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Colorful Mathematics: Part II


4. The Hamilton connection

A lovely and curiously simple-to-prove result connects the face-coloring version of the four-color problem to the theory of Hamiltonian circuits.

Theorem:

If a plane graph G has a Hamiltonian circuit, then the faces of G can be colored with 4 (or fewer) colors.

Proof:

Let G be drawn in the plane and let C be a Hamiltonian circuit of G. By the Jordan Curve Theorem points not on C are either interior to C or exterior to C. Thus, any additional edges must lie in the interior of C or in its exterior. This means that we can alternately color the regions in the interior of C by switching colors each time we move across an "interior diagonal" edge. Similarly we can color the edges in the exterior of C with two colors, different from the ones used in the interior of C.

By way of example, in the diagram below a Hamiltonian circuit is shown highlighted in thick black lines. The regions inside the Hamiltonian circuit are colored with yellow and green, while the regions outside the Hamiltonian circuit are colored in blue and red. The edges of the original graph that are not part of the Hamiltonian circuit are shown with thin black lines.
 



A coloring of a plane graph with a Hamiltonian circuit with 4 colors
 

Any plane graph, whether it is 3-valent or not, that has a Hamiltonian circuit can be so colored with 4 colors . Unfortunately, there are infinitely many graphs that have no Hamiltonian circuit so this approach to trying to prove the four-color theorem did not prove fruitful. However, there is an interesting story here.

Early in the history of the four-color conjecture, in its face-coloring version, it was shown that it was sufficient to prove the conjecture for a special class of plane maps. These are the plane maps which represent 3-dimensional convex polyhedra which are 3-valent. A purported proof was published that indicated that all such polyhedra had Hamiltonian circuits. However, many people were skeptical of the proof but could not explicitly point to an error. On the other hand, no one knew of an example of a planar 3-valent, 3-connected graph (which are the conditions of a beautiful theorem by Steinitz to guarantee that a graph can be realized by a 3-dimensional convex polyhedron) which lacked a Hamiltonian circuit (a 3-connected graph is one with the property that given any two vertices v and w of the graph, there are at least three paths from v to w which have only v and w in common).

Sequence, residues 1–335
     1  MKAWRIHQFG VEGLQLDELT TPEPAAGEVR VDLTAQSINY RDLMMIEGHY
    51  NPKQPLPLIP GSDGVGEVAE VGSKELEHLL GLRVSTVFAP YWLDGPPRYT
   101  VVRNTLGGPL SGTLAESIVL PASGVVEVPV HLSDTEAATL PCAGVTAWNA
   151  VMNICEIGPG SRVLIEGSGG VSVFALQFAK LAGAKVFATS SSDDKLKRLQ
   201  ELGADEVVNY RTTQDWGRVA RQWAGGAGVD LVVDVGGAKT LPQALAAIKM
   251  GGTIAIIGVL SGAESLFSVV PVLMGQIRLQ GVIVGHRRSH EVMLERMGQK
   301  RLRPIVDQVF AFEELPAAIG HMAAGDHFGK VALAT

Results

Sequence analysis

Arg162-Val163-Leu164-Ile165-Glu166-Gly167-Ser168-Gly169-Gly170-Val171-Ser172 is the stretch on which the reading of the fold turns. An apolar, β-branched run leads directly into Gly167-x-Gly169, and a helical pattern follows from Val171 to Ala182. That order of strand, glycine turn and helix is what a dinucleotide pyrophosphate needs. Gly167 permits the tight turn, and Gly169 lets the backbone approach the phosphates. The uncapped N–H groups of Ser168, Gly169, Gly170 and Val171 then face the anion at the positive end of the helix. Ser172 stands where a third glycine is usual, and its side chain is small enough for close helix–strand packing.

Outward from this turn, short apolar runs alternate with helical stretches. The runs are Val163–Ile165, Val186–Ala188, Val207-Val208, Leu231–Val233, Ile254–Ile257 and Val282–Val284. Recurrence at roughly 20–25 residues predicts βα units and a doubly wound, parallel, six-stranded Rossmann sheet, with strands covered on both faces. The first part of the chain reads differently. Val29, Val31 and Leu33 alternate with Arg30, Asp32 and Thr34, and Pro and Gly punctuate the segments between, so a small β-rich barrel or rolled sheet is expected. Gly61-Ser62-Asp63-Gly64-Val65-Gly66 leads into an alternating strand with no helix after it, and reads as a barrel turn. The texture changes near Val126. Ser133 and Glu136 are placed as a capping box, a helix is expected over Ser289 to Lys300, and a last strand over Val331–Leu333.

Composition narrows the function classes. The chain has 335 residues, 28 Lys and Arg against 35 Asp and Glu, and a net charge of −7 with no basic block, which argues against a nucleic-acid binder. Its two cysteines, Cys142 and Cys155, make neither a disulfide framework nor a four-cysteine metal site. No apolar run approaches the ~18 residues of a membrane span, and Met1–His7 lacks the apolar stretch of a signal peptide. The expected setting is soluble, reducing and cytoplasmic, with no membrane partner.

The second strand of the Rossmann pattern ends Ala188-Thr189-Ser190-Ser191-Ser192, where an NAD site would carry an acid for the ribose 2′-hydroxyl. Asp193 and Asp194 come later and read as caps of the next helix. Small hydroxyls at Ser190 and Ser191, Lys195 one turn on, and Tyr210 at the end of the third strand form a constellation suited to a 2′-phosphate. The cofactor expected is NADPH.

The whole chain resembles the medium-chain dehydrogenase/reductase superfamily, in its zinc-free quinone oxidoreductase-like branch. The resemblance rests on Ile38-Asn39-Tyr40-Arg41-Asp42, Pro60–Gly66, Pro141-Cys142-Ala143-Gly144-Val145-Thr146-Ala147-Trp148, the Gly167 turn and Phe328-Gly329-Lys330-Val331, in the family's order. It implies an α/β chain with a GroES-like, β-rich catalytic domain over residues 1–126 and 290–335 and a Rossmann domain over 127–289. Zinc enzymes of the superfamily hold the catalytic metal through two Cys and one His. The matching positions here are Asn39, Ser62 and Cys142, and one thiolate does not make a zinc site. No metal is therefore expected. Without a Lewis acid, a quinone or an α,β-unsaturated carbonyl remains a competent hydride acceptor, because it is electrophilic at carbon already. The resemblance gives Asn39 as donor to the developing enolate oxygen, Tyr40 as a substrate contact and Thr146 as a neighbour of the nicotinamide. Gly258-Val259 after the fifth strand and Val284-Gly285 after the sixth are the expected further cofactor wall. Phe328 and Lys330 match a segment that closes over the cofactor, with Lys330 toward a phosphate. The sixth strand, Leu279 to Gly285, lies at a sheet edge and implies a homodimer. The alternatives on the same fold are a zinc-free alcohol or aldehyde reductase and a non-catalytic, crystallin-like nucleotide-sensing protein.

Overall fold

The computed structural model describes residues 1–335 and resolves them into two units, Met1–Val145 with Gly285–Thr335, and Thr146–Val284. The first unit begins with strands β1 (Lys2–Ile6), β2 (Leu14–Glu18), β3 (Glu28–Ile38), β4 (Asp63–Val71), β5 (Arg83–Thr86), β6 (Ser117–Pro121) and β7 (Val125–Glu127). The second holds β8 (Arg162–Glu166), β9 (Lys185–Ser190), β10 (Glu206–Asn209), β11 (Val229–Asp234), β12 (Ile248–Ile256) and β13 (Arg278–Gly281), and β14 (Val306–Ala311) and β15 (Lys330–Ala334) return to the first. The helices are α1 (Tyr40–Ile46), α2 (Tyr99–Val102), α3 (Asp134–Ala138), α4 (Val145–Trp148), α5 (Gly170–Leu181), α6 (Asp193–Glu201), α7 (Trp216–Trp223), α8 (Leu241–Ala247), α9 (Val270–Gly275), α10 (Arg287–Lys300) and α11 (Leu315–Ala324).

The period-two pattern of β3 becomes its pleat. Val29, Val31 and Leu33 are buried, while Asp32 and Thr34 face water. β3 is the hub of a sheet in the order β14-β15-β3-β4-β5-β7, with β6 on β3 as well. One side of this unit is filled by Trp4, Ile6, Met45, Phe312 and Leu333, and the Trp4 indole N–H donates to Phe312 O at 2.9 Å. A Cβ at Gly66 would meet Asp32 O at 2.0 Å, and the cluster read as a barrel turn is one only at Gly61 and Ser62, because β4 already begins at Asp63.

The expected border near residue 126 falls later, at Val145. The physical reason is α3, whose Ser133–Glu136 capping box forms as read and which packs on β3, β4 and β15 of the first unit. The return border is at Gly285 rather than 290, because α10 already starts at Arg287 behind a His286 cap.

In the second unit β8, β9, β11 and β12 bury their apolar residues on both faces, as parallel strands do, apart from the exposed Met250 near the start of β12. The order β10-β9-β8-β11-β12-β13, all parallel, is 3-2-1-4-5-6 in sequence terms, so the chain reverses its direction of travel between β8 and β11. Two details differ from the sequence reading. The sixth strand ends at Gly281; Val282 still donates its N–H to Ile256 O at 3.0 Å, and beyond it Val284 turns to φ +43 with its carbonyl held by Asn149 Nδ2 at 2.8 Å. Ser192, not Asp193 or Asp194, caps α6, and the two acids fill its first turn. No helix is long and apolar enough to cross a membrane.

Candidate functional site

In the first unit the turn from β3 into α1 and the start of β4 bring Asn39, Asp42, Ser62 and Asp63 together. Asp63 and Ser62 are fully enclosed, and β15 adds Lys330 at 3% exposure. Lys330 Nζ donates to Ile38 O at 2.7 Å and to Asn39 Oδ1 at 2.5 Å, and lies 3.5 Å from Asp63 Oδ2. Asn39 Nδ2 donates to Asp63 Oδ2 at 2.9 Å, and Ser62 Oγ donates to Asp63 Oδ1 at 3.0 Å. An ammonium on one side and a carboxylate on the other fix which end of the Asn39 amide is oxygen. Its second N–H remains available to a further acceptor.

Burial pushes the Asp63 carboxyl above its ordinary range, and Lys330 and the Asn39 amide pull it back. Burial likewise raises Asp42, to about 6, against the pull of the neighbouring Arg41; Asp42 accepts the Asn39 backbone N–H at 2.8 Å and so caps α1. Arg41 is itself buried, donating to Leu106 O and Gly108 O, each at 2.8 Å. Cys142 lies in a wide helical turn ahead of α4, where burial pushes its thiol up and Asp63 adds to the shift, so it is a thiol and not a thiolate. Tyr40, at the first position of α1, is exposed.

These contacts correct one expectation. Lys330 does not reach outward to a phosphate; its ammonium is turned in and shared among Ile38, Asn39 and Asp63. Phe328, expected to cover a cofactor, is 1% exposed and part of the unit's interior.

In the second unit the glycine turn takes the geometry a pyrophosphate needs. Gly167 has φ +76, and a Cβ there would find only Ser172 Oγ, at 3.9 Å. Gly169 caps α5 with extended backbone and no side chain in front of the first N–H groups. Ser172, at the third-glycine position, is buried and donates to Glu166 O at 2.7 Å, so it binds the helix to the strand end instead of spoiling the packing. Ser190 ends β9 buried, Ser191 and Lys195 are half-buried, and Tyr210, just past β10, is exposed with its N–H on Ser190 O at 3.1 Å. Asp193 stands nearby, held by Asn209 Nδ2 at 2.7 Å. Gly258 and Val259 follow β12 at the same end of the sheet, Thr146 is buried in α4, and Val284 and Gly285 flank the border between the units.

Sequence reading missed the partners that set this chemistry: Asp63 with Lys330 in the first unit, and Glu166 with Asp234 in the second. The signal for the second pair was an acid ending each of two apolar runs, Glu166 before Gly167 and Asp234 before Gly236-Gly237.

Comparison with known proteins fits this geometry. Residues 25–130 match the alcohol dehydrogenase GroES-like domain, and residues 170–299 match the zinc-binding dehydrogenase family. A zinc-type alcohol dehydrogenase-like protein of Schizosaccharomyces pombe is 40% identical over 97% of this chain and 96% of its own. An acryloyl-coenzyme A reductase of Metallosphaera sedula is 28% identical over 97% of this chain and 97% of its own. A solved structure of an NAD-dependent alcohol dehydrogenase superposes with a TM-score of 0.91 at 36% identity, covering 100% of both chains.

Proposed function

A photo of William Tutte


In 1946, William Tutte (1917-2002, pictured above) produced an example (below) of a planar 3-valent 3-connected graph without a Hamiltonian circuit which had 46 vertices. Tutte was born in Britain but spent a lot of his professional career teaching at the University of Waterloo in Canada. He made many deep contributions to graph theory.
 

A non-Hamiltonian 3-valent 3-polytopal graph with 46 vertices




Somewhat later, examples of this kind with 38 vertices were found.

A non-Hamiltonian 3-valent 3-polytopal graph with 38 vertices


Eventually it was shown that any plane 3-valent 3-connected graph with 36 or fewer vertices has a Hamiltonian circuit. Although this line of investigation turned out to be a dead-end with respect to finding a simple proof of the four-color problem, the progress both in theorems and proof techniques for geometrical ideas in graph theory has been dramatic. Results concerning Hamiltonian circuits are still being pursued vigorously, and relations between issues involving Hamiltonian circuits and coloring problems are still being pursued.

If a graph is 3-valent (plane or not) and has a Hamiltonian circuit, one can also easily see why the edges of the graph can be colored with 3 colors. This is because in a 3-valent graph the number of vertices must be even (because 3V = 2E). Thus, one can alternately color the edges of the Hamiltonian circuit with two colors. The remaining edges can be colored with a third color.

In the next column, we will continue our discussion of coloring problems and their applications.


  1. Introduction
  2. Insights into coloring planar graphs
  3. Edge-colorings
  4. The Hamilton connection
  5. References

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